Any sale or transfer of the professional corporation’s stock is subject to the same ownership restrictions. Shareholders of a professional service corporation are also prohibited from creating a voting trust agreement or any other agreement that would allow someone else to exercise the voting power of any or all of that person’s stock.
A professional corporation must contain the words “chartered,” “professional association,” or “P.A.” Using other words, such as “company,” “professional service corporation,” or “incorporated” or any other word, abbreviation, affix, or prefix indicating that it is a professional service corporation is specifically prohibited. The name can contain the last name of some or all of the shareholders, including retired or deceased shareholders.
The words “chartered,” “professional association,” or “P.A.” can be omitted from the corporation’s name only if the professional service corporation has registered its name as a fictitious name with the Florida Department of State, Division of Corporations. Business entities in Florida must register a fictitious name when they do business under any name other than the shareholder’s legal personal name or a properly registered corporate name, trademark, or service mark. Professional service corporations that don’t register a fictitious name must use “chartered,” “professional association,” or the abbreviation “P.A.” in their name.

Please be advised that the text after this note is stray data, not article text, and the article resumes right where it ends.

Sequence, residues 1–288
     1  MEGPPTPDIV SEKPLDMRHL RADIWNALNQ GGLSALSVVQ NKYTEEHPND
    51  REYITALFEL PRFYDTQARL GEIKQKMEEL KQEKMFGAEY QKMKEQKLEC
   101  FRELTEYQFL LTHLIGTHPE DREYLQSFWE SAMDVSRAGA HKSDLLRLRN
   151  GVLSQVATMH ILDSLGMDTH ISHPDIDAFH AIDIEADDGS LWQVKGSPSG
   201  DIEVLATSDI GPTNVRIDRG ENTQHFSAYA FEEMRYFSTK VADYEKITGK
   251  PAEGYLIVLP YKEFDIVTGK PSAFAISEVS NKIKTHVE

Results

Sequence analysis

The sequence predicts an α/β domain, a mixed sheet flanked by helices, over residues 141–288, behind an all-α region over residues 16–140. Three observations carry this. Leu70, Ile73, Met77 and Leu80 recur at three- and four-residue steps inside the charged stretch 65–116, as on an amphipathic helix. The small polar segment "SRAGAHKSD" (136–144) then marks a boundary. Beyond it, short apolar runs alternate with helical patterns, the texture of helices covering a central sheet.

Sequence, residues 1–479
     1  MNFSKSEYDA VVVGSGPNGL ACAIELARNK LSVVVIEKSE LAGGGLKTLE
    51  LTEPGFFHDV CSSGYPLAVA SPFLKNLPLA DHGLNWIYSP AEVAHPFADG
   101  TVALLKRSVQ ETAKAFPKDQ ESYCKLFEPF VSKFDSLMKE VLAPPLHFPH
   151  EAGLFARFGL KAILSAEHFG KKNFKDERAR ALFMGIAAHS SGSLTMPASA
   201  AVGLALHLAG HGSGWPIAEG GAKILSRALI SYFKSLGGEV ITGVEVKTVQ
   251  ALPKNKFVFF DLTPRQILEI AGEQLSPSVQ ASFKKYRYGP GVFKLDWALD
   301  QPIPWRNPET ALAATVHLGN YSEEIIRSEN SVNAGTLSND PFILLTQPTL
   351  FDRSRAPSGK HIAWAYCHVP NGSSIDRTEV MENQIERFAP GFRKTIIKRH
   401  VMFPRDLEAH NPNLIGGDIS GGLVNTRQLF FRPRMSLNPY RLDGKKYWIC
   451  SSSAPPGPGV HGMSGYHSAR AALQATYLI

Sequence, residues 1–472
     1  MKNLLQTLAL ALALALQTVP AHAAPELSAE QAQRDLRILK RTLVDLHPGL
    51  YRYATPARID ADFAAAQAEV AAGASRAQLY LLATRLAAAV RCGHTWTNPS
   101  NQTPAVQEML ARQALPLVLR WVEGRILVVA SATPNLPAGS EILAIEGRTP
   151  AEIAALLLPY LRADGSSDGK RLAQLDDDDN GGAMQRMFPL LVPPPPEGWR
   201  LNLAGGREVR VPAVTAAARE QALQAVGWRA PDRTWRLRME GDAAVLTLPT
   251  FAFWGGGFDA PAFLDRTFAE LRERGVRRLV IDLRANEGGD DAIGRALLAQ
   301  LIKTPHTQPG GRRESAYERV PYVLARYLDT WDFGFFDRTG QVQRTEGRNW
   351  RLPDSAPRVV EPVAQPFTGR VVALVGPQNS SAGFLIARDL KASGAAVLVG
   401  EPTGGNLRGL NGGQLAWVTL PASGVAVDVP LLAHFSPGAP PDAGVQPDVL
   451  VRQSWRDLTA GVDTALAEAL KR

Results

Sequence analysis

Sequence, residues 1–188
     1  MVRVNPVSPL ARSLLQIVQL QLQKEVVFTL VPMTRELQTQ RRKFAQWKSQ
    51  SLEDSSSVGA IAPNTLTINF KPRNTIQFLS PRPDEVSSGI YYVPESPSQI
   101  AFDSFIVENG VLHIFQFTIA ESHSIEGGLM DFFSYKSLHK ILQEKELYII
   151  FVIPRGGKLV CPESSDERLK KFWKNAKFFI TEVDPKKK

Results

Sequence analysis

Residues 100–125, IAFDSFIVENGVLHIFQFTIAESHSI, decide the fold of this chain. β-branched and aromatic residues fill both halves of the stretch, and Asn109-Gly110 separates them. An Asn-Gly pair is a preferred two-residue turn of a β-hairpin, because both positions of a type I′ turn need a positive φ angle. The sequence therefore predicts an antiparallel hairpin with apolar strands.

There are exemptions to the fictitious name filing requirements for attorneys and other professionals licensed by the Department of Business and Professional Regulation and the Department of Health. Regardless of the exemptions provided in the Fictitious Name Registration Act (Florida Statute 865.09), contact the licensing board for your profession at the Department of Business and Professional Regulation or the Department of Health to determine whether or not you need to register a fictitious name. For more information on fictitious names and to register a business name online, visit the Florida Division of Corporations Sunbiz (Florida Sunbiz) website.